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Reality Bites: The 25 Best and Worst Biopics

From raging bulls to lizard kings, we look back at the great (and the grating) movies that took on true-life stories
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sid and nancy
THE KOBAL COLLECTION/ZENITH-INITIAL/GOLDWYN

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BEST: 'Sid and Nancy' (1986)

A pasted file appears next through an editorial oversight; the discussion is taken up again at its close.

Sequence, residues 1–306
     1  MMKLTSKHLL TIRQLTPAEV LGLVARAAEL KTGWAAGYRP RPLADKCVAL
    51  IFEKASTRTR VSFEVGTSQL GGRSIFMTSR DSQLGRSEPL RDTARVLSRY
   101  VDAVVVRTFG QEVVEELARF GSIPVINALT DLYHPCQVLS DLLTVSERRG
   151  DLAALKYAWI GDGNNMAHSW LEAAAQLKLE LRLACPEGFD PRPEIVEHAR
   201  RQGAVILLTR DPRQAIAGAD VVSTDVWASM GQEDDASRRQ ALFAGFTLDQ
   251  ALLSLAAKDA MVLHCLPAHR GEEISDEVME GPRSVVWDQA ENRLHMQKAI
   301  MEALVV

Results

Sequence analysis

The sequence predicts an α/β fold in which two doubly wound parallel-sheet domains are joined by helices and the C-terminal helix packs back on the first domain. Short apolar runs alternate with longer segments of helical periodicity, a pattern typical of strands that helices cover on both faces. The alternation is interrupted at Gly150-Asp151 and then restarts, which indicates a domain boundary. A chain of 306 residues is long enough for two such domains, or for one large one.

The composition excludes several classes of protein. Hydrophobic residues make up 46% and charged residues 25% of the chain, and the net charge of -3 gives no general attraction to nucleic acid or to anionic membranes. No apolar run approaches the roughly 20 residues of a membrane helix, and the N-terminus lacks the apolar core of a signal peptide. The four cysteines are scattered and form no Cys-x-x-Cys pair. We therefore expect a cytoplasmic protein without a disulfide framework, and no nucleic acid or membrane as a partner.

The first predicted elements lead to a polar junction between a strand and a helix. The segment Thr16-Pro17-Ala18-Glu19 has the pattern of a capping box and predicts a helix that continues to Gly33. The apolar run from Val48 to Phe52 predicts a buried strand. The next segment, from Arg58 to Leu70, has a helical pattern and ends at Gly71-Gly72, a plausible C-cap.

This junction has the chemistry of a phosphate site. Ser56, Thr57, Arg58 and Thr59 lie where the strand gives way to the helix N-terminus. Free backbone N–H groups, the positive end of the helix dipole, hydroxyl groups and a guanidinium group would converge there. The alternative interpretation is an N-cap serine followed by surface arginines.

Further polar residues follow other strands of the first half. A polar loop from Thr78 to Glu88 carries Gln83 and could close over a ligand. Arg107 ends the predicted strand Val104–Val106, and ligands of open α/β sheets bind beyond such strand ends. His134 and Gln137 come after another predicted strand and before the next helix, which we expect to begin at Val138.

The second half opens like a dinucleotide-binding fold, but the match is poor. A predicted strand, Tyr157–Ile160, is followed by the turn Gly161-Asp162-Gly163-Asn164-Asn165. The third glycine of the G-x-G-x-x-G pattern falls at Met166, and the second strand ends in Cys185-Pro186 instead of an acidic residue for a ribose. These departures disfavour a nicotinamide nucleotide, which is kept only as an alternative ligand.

You couldn't make a clean, tidy biopic of the Sex Pistols bassist and posterboy for punk nihilism Sid Vicious; it had to be ragged, unkempt, as filthy as lucre and spat gobs. Alex Cox certainly delivered a film that met that criteria, one that captures the early spirit-of-77 punk vibe in London that produced a star like El Sid. He was also smart enough to cast someone like a young, hungry Gary Oldman as the feral musician, a move which made all the difference — the actor throws himself into the part with an all-or-nothing gusto that shows the bright flame and the burning out all at once. (Pity poor Chloe Webb, who gives a great parasitic performance as Nancy Spungen then virtually disappeared for a long while.) Johnny Rotten thought the movie was "the lowest form of life," saying the film glorified heroin usage (well, no) and that the ride-into-the-heavens ending was truly phony (okay, we'll give you that). But before that false final note, Cox's movie hits its notes far more than the often-unplugged bassist ever did. DAVID FEAR

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